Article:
ADVICE+DISSENT: Intelligence File Worldly View
Geospatial agency shifts with the times: buys images, gives them away.
In 2004, Internet giant Google made John Hanke an offer he couldn't refuse. The Silicon Valley video game entrepreneur had built a software program called Keyhole, which let users "fly over" 3-D maps of points on the globe. Google bought Keyhole-for an undisclosed sum-hired Hanke, and renamed the product Google Earth. It has been downloaded more than 100 million times. Television viewers see it every day when military analysts zip around Baghdad and Afghanistan, offering a God's eye view of the war. But before Google recognized Keyhole's potential, the company got off the ground with financing from an unusual source, and one that became a very big customer: the National Geospatial-Intelligence Agency.
Before Keyhole, NGA-formerly called the National Imagery and Mapping Agency-was the place to go for 3-D maps and images. Military commanders used them, and still do, to guide troops and target missiles, and spies relied on NGA to covertly capture and analyze satellite photos of America's adversaries. But by the late 1990s, companies like Keyhole were better at building the technology to do this, and they did it for less money. So NGA changed with the times. Today, the only thing classified about most of its maps and charts is how they're used. The tools to build them are bought off the shelf. NGA's workforce also has evolved. Of its more than 14,000 full-time cartographers, geodesists and other specialists, more than half are contractors. This means that NGA might be the closest thing to a quasi-private institution in the intelligence community, and the privatization trend is continuing.
This is partially driven from the top. In May 2003, the White House announced a new national policy instructing agencies to use commercial satellite imagery "to the maximum practical extent." Today, NGA has a contract worth $500 million to buy commercial imagery. "This has been the push of this administration-outsourcing," says David Burpee, NGA's chief spokesman.
The administration certainly has pushed. But NGA's mission also has changed. After the Sept. 11 attacks, the government ratcheted up domestic security, particularly around high-profile events such as the Super Bowl and political conventions. NGA supports those efforts by creating exquisitely detailed digital renderings of entire city blocks. They show security planners the location of every piece of critical infrastructure-gas and phone lines, hospitals, even fire hydrants. To get this information, NGA often buys it from companies that laid the infrastructure or built the buildings in the first place.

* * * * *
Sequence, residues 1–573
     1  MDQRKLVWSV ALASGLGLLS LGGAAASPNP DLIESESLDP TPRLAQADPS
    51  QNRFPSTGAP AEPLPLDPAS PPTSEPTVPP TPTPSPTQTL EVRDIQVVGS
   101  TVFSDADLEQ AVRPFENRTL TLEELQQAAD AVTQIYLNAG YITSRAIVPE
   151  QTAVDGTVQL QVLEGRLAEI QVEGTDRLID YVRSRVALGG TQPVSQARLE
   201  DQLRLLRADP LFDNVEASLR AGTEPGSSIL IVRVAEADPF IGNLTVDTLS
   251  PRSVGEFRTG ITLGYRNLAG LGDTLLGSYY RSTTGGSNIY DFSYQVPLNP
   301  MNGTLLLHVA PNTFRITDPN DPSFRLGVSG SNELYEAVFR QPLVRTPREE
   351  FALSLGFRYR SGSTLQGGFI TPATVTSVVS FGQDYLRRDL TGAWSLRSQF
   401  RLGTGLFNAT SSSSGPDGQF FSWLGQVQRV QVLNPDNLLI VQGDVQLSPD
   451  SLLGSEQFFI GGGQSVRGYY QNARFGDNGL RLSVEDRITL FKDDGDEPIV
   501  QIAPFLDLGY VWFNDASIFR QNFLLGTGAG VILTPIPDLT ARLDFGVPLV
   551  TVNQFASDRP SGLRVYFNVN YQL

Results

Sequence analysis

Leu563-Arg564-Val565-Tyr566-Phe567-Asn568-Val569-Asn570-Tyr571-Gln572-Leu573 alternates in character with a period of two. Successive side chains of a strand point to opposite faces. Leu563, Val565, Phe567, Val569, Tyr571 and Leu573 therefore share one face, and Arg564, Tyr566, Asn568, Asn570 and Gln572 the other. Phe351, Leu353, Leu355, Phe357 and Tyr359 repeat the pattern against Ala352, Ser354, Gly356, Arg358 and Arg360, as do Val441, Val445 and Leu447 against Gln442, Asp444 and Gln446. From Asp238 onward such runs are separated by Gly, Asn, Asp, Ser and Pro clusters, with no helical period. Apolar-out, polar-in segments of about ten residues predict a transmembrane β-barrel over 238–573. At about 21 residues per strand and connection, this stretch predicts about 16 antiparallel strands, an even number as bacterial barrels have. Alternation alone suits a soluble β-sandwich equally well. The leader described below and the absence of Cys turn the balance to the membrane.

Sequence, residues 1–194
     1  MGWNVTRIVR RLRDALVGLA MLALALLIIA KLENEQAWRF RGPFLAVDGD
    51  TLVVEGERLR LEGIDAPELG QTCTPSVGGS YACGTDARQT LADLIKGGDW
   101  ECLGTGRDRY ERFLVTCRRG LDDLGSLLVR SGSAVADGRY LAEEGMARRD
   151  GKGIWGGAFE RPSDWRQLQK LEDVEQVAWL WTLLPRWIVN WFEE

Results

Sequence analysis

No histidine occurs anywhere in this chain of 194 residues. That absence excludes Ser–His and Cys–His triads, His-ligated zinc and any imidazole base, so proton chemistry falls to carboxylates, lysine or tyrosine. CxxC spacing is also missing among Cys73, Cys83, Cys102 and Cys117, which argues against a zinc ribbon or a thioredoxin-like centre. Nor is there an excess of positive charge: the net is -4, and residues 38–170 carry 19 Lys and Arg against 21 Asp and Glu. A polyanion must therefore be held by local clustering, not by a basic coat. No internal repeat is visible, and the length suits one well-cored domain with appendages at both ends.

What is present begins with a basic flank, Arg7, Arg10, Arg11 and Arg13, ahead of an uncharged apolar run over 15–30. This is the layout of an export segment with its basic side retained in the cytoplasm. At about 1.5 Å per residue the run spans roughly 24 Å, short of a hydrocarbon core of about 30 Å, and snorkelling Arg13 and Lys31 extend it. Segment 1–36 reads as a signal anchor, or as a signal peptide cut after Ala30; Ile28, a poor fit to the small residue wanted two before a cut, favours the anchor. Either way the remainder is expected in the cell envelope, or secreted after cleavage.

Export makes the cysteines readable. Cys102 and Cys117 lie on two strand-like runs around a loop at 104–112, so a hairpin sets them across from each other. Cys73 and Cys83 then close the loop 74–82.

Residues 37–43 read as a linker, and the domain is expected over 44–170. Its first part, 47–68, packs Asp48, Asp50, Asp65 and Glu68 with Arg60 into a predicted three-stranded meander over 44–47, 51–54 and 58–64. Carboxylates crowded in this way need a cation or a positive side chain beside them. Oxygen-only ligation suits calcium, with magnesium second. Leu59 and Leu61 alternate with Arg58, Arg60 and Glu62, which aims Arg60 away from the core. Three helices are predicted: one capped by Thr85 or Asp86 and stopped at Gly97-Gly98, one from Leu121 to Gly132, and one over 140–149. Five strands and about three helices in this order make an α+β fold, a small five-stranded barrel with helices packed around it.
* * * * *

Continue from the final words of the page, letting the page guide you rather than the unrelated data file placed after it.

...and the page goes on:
Not only does the agency buy data, it gives it away. After Hurricane Katrina hit the Gulf Coast in 2005, officials provided up-to-date satellite scans to Google and Microsoft, which also makes an interactive Earth viewer. Rescuers used those programs to see which roads and buildings were flooded. NGA also has published a colossal set of radar data covering most of the planet's land mass, taken during an 11-day space shuttle mission in 2000. Cartographers use it to create-and sell-the most detailed 3-D maps of the Earth on Earth. NGA takes no royalties.
The demands of a post-9/11 world have forced overworked intelligence agencies to outsource what, in an earlier time, would have been called inherently governmental functions. But well before the attacks, NGA recognized that technological innovation was no longer the elite province of the intelligence community, much less the federal government. It faced reality, and took advantage of it. History will show whether the outsourcing strategy pays off. Private analysts, journalists and armchair commentators lately have shown that they're as good, if not better, at parsing and predicting world events as institutions such as the CIA and the State Department. Since those and other agencies are struggling to find their place in a changing world, and not be overtaken by it, they might look to their cousins at NGA for ideas.